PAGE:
In addition to the aforementioned requirements, the State required the County to maintain three wash ponds on the site, to test surface and subsurface groundwater, and to obtain permission prior to dumping chemical or toxic wastes. The State further prohibited the County from depositing wastes within 1000 feet of nearby Red Lion Creek. In connection with the permit process, the County submitted to the State "a plan of operations, topographical maps, construction plans, soils boring dates, soils laboratory reports, soils profiles, and a contract for operating the site." Id. at 805. Based on this information, and after a public hearing at which local residents aired their concern over possible pollution, the County received formal approval to operate a sanitary landfill at Tybouts Corner from the WARC on December 9, 1968, and from the Board of Health on December 23, 1968. The Board of Health specifically concluded that Tybouts Corner was "reasonably suitable for use as a landfill."*fn6 These approvals permitted the County to operate a landfill at Tybouts Corner for one year.*fn7
B. The County's Operation of the Tybouts Corner Landfill
The Tybouts Corner landfill began receiving wastes on or about January 1, 1969. On appeal, the parties dwell on only two aspects of the landfill's two-year operation: (1) the reports of the University of Delaware chronicling the gradual process of leachate migration from Tybouts Corner; and (2) CNA's allegation that the County routinely allowed chemical wastes to be dumped at the landfill without first procuring permission from the appropriate agencies.
The University of Delaware, under a contract with the County, monitored the quality of groundwater at Tybouts Corner and regularly prepared reports for the State and the County. Soon after the landfill became operational, a "slight deterioration" of the wells at Tybouts was noticed. The University, however, consistently reported that the level of contamination was "far below levels that normally constitute pollution." From 1969 to 1971, the University's reports depicted a progressive degradation of the groundwater, but concluded that, although water quality was changing, there was no significant pollution. The University's report of May 14, 1971, was typical in this regard:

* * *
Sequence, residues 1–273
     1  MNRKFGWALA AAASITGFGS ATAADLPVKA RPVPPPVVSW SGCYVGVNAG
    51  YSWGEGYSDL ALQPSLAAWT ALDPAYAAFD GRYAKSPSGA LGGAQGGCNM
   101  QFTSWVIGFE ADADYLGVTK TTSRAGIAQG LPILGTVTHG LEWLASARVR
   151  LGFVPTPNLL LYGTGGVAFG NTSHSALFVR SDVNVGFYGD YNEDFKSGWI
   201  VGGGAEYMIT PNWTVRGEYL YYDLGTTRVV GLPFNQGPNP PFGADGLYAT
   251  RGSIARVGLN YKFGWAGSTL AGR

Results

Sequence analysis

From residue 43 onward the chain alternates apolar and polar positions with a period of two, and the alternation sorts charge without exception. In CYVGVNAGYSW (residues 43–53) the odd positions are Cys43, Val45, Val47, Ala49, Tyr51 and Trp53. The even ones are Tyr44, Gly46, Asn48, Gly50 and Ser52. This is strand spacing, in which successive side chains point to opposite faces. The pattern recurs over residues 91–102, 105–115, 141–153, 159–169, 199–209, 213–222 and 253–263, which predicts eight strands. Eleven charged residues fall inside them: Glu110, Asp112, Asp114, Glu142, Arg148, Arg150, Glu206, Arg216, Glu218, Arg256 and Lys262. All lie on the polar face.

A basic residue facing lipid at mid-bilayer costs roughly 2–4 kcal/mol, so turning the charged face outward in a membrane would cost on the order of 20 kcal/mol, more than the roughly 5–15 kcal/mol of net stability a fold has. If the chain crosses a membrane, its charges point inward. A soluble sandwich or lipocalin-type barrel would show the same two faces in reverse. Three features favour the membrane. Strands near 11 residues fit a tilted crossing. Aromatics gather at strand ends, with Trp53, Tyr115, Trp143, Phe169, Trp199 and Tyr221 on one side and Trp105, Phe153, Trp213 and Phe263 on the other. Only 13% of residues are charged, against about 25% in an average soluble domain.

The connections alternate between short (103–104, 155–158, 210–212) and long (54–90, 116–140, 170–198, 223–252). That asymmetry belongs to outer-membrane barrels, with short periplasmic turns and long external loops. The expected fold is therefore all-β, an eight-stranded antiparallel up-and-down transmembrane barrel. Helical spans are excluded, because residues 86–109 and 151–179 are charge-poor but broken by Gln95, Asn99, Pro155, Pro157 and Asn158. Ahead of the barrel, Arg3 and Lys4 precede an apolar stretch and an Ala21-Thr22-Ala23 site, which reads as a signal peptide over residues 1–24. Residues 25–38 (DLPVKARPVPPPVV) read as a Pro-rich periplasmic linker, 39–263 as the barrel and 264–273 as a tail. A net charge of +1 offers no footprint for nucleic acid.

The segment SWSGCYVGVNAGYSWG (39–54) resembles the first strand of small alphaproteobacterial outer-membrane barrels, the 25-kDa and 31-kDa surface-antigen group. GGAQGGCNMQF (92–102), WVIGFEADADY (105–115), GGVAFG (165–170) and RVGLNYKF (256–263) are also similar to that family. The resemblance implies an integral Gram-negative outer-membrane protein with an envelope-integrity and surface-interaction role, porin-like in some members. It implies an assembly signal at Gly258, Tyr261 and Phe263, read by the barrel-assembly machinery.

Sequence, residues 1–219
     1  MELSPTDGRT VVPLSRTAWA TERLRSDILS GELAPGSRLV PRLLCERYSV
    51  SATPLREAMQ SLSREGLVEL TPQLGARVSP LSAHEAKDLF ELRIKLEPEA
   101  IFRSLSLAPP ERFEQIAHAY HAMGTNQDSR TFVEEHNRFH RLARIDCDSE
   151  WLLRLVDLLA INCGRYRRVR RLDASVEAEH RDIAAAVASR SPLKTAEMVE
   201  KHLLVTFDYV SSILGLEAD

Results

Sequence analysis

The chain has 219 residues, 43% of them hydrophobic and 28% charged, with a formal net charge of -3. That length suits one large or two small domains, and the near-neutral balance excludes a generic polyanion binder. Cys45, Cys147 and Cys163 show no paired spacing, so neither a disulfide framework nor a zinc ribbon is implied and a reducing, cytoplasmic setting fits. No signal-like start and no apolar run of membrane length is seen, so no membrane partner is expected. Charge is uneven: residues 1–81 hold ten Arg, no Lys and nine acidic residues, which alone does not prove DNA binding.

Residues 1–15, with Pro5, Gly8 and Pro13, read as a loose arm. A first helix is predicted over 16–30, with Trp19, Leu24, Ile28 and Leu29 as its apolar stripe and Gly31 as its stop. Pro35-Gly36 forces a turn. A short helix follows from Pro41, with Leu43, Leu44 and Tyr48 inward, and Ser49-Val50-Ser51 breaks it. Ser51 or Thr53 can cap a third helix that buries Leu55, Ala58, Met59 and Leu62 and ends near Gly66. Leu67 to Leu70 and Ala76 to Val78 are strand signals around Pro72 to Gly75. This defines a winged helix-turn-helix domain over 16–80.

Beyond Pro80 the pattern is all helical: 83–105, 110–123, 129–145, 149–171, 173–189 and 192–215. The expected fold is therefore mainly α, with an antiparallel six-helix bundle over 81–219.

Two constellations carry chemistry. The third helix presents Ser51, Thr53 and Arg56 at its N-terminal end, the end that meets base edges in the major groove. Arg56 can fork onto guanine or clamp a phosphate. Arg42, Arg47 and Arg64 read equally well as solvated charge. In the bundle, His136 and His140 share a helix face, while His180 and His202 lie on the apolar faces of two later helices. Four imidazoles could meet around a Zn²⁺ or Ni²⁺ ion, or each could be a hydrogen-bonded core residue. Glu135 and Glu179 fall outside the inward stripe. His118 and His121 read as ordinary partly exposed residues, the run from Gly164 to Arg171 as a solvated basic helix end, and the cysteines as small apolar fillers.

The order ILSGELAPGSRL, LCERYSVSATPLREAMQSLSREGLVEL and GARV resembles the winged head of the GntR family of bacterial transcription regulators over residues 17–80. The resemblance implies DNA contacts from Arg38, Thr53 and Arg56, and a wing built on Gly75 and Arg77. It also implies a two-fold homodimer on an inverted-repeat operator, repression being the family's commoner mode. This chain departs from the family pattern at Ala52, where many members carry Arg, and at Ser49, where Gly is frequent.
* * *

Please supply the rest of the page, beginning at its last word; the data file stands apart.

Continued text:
In summary, there are definite indications of groundwater deterioration from landfill leachate under the landfill site. There has also been deterioration in the quality of the wash pond water as would be expected since the ponds are inter-connected, have been subject to dumping and filling, and are the recipients of much of the landfill site surface runoff. However, to date, samples taken from Red Lion Creek and Pigeon Run have not indicated any measurable deterioration due to the landfill operation.
The Board of Health and the WARC, under the permits they had issued to the County, also inspected the Tybouts Corner landfill on a regular basis.*fn8 These organizations similarly found no signs of serious contamination and thus renewed the County's permits when they expired after one year.
CNA vigorously asserts that the County, throughout the operation of the Tybouts Corner landfill, disregarded express limitations on the dumping of chemical wastes. The permits issued by the Board of Health and the WARC prohibited the dumping of chemical, toxic, and industrial wastes without prior written approval.*fn9 At trial, CNA called as witnesses a waste hauler, an on-site County supervisor, the owner of the landfill site (William Ward), and one of Ward's employees, all of whom testified that chemical wastes routinely were dumped at Tybouts. The County, CNA claims, never received permission from the Board of Health or the WARC to dump chemical wastes.*fn10